Wow. Our experiment is off to a great start—let's see if we can finish it off sooner than expected.
Last Saturday, three-term Sen. Bob Bennett (R-Utah) lost his party's nomination for the Senate seat he currently occupies—coming in third at the state GOP convention. I told you not to cry for him—party activists going after members of Congress they aren't happy with is totally rational. (On Tuesday, Rep. Alan Mollohan (D-W.Va.) became the second incumbent to lose his party's nomination this cycle.)
Now Newsweek's McKay Coppins is saying that if Utah ends up electing a Democrat, you can "thank the Tea Party." People should be careful about giving all the credit for Bennett's defeat to grassroots Tea Partiers. It's true that in the end, conservative activists and Tea Partiers voted Bennett out at the convention. But it's unlikely that things would have even gotten to that point without the intervention of two big outside groups—the Club for Growth and FreedomWorks. David Frum explained their role last month:
Bennett is caught in a range war between two such conservative allies: the Club for Growth and FreedomWorks. Founded more than a decade ago, the Club for Growth has raised and spent millions of dollars to support tax-cutting Republican opponents of incumbents. In the past few cycles, this strategy has led to a sequence of disasters. Club-backed challenges to moderate Republican incumbents like Michigan Congressman Joe Schwarz in 2006 and Maryland's Wayne Gilchrest in 2008 tipped both seats to Democrats. The threat of a Club-backed primary pushed Arlen Specter to change parties in 2009, (briefly) handing Barack Obama his 60th Senate vote.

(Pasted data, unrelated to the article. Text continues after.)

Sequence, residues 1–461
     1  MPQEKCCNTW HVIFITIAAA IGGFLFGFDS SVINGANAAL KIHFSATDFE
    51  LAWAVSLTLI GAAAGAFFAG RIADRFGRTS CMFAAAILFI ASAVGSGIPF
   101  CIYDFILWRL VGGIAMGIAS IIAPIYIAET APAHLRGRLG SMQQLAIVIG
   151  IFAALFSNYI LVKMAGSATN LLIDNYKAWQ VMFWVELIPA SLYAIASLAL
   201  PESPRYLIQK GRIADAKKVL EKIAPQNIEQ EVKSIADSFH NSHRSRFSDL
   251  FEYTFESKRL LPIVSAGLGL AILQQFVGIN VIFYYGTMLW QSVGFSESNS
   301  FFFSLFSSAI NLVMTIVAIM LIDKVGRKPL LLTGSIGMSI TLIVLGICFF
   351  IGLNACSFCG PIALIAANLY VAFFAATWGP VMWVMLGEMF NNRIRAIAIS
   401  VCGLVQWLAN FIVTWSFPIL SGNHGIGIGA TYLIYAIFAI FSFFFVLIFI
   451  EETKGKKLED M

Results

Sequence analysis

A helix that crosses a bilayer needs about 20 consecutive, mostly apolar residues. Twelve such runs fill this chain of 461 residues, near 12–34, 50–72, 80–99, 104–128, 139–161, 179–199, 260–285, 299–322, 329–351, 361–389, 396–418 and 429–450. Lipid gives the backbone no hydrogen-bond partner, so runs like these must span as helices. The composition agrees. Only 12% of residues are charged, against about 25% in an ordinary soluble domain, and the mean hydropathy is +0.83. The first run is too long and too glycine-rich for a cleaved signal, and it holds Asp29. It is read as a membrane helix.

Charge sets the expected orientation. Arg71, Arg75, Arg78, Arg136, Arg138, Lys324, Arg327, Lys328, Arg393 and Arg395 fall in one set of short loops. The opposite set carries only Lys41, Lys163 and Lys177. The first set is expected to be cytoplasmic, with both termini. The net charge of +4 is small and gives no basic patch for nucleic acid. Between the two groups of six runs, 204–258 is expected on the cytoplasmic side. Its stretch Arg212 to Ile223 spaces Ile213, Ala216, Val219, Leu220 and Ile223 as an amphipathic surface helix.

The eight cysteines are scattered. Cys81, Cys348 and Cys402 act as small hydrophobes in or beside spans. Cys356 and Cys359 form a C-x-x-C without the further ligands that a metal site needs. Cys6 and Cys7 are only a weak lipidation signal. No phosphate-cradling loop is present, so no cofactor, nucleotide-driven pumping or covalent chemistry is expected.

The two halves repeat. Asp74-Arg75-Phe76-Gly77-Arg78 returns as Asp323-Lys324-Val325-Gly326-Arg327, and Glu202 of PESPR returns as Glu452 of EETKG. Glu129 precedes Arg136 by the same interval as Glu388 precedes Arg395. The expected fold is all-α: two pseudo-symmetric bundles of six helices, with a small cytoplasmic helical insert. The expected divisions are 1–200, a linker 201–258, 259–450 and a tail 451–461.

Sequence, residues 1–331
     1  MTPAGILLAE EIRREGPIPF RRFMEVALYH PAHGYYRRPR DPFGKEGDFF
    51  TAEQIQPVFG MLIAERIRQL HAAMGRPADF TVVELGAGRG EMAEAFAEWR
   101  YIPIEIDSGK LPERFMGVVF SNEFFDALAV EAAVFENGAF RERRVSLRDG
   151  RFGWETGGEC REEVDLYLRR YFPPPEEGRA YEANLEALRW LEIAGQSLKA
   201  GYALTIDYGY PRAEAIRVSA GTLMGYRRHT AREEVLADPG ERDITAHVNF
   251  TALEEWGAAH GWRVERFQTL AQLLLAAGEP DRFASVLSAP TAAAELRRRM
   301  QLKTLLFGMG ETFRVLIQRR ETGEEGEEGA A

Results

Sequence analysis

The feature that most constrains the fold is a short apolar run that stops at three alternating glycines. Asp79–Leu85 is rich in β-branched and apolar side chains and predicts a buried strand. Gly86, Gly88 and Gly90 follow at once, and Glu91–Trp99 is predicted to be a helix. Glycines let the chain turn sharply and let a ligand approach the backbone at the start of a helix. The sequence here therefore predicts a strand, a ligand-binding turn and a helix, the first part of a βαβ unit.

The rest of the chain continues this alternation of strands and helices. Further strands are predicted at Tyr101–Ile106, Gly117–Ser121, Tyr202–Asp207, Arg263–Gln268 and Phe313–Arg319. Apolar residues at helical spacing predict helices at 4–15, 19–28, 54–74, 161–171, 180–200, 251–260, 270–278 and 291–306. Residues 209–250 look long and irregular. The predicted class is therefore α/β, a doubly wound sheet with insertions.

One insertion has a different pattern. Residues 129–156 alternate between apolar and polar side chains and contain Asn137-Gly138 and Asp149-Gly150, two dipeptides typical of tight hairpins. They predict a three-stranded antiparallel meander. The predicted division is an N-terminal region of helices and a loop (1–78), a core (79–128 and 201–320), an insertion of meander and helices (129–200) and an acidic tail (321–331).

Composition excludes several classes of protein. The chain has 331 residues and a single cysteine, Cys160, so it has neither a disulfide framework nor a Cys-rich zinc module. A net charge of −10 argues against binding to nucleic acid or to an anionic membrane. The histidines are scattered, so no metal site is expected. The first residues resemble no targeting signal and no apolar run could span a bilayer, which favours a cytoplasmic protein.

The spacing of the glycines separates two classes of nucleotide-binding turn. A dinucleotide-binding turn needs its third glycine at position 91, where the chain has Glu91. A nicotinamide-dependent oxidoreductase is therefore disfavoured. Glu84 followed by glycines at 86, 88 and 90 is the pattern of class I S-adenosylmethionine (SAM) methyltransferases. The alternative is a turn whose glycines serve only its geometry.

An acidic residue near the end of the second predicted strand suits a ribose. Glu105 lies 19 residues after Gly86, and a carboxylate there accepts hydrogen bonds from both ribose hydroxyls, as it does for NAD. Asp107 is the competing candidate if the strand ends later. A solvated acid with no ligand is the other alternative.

This unsatisfying record opened space for a competitor: FreedomWorks, an activist organization run by former House majority leader Dick Armey and generously funded by the billionaire Koch family of Wichita, Kans. FreedomWorks thrust itself to the fore of the Tea Party last year, providing the sometimes stumbling movement with professional skills. In the process, FreedomWorks gained some clout and challenged the Club for Growth to put some numbers on the board.
The Bennett race provided the perfect opportunity. Utah is supersafe Republican territory; the party faces no danger of losing the seat. And so, without endorsing any particular contender, the Club began running television ads attacking Bennett last fall. It slammed Bennett for his 2008 vote in favor of the Troubled Asset Relief Program and his co-sponsorship of the Healthy Americans Act, which would require Americans to buy insurance. In February, FreedomWorks jumped into the campaign against Bennett too, in part to forestall the rival Club from hogging the spotlight and snaring all the dollars.
None of this is to say that grassroots opposition didn't matter. But big spending on television ads makes a difference in political campaigns. The people writing Bennett's political obituaries should acknowledge the role that big outside groups played in his defeat.